Campus Safety in the Time of the Novel Coronavirus

By Sarah MacKenzie

This semester has been one like no other. Masks are required on campus grounds, many classes are remote, and the social life has taken a sharp right turn to the Tower, the deck of Silverstein, and the “Blue Garden” (that muddy patch outside of Myers). No longer are Sunnies apartments crowded with students of all ages. Students have been pushed out of the sweaty parties and out into the open! However, just as the social scene is adjusting, so is the treatment that the students receive from Campus Safety, more casually known as Campo. In addition to our usual data gathering, we interviewed two students to hear about their experiences with the conduct procedure this semester. It seems, in many situations, men seem to be treated with harsher punishments with women.

Both students requested to remain anonymous but they graciously shared their experiences with us nonetheless. The first story is from a junior boy who was written up originally for having a non roommate in his room. Then he was at one of those Blue Garden parties and wasn’t wearing a mask when an RA approached him and requested that he put a mask on. The student left the large party because he did not want to escalate the situation more. Next thing he knew he was being called in for a conduct meeting and was informed that he was being sent home.

Another experience came from a senior girl who was reported for having multiple guests in her room. Campo showed up to her room in response to the report and asked to search the room. Before finishing the search, he had to run because of a fire alarm report from another building. That officer did not see anyone in the room other than our interviewee and, like the junior boy, the officer did not indicate that he was going to write her up. Then a couple days later she too received a message from the conduct board and was sentenced to write a five-page paper regarding the mistake she made and what she was going to do differently going forward.

These two individuals had vastly different outcomes from their Community Care Agreement violations. We were wondering if it had anything to do with gender, but it seems that the real issue was the actual conduct process for these two and the role that Campo had in their cases. 127 wanted to see if this was a consensus around campus and if people were divided on Campo’s role at Denison. For example, is it easy to understand what students will be punished for? And, does Campo target particular groups for social distancing violations?

It is clear that the campus is divided over the role of Campo. While 53% of students agree that it is easy to understand what they will be punished for, 33% don’t (and 13% shrug). Moreover, a near majority (47%) is not convinced that the rules followed by Campo are clear and concrete. Although not entirely surprising that students are divided on what is actually happening with Campo, one intriguing area is the majority that doesn’t have a strong opinion about Campo’s targeting policies (53% in the middle 3 categories). Perhaps this signals that the highest percentage of participants by grade are the first years. So, we decided to take a closer look at the opinion of campus safety by class year.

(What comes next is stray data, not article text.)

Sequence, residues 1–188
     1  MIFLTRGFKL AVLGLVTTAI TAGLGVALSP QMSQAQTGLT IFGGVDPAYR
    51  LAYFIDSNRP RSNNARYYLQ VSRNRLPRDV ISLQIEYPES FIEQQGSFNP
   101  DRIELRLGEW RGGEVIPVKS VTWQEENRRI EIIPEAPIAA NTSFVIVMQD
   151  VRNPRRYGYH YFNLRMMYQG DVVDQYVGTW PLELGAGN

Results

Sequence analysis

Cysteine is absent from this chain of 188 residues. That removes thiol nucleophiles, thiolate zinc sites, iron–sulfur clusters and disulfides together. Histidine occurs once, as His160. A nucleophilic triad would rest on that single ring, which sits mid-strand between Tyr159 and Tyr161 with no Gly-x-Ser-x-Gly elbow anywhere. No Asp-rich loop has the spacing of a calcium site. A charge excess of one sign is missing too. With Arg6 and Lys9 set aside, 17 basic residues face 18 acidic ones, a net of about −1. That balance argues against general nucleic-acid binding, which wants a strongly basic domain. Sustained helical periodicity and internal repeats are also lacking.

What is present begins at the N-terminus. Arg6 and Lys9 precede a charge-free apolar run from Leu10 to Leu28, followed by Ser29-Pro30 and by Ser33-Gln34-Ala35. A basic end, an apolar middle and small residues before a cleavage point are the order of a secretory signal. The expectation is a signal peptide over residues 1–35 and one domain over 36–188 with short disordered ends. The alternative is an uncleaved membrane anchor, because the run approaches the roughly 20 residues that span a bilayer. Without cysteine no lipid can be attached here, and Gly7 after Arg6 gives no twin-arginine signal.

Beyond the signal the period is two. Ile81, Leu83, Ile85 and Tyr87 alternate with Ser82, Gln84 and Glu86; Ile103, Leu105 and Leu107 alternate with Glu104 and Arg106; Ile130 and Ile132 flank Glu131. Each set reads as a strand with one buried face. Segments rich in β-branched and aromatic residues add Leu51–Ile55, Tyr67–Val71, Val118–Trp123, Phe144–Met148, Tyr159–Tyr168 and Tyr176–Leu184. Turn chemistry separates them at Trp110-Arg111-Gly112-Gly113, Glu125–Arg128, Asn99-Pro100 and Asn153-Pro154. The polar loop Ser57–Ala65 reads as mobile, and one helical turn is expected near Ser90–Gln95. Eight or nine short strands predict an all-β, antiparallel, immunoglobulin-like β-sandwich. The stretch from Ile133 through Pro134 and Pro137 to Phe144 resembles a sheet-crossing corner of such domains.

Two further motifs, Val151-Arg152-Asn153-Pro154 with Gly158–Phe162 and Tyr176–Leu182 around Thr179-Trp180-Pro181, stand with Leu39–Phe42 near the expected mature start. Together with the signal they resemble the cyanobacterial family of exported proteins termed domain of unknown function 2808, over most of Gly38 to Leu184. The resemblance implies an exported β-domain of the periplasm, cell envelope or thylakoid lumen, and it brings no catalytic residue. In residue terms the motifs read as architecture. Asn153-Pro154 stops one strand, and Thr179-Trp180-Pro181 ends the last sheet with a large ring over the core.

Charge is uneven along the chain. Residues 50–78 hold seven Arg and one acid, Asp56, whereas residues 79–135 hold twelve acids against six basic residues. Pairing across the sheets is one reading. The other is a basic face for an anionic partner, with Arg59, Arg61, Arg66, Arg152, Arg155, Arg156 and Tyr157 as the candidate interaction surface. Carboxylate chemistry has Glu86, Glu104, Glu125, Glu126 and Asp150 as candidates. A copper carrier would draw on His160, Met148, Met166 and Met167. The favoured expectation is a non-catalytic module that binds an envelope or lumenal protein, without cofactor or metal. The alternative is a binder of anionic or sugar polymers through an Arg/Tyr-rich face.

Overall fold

It seems that the freshmen have the most positive view of Campo in comparison to the upperclassmen. Additionally, the men of the first year class signaled they approve of Campo the most throughout the entire student body. But why? Is it because the freshmen have less experience on campus therefore they know less about how conduct is handled? Or, is this year just so different that the view of Campus Safety is solely related to the write-ups which have resulted in students leaving campus?

These questions make us think about the relationship between people getting sent home and their friends’ reactive view of Campo. The data from 127’s survey shows that the freshmen are the least likely to know someone that has been asked to leave campus for violating the Community Care Agreement. Therefore, perhaps the freshmen have the most positive view of Campo because fewer of their friends were sent home this semester.

Open and troubling questions about experiences with Campo during this extraordinary semester shed light on the effect a pandemic has on Denison’s community. As the semester wraps up successfully (we did it!), it will be important to think about clarifications and changes that can be made to the Community Care Agreement and how it is carried out by the students and Campo. But for now, Denison students will head home and face the real world as the pandemic worsens across the country.

Sarah MacKenzie is a senior Political Science major from Denver, Colorado. You can find her spending too much time in Knapp and talking about climate change.

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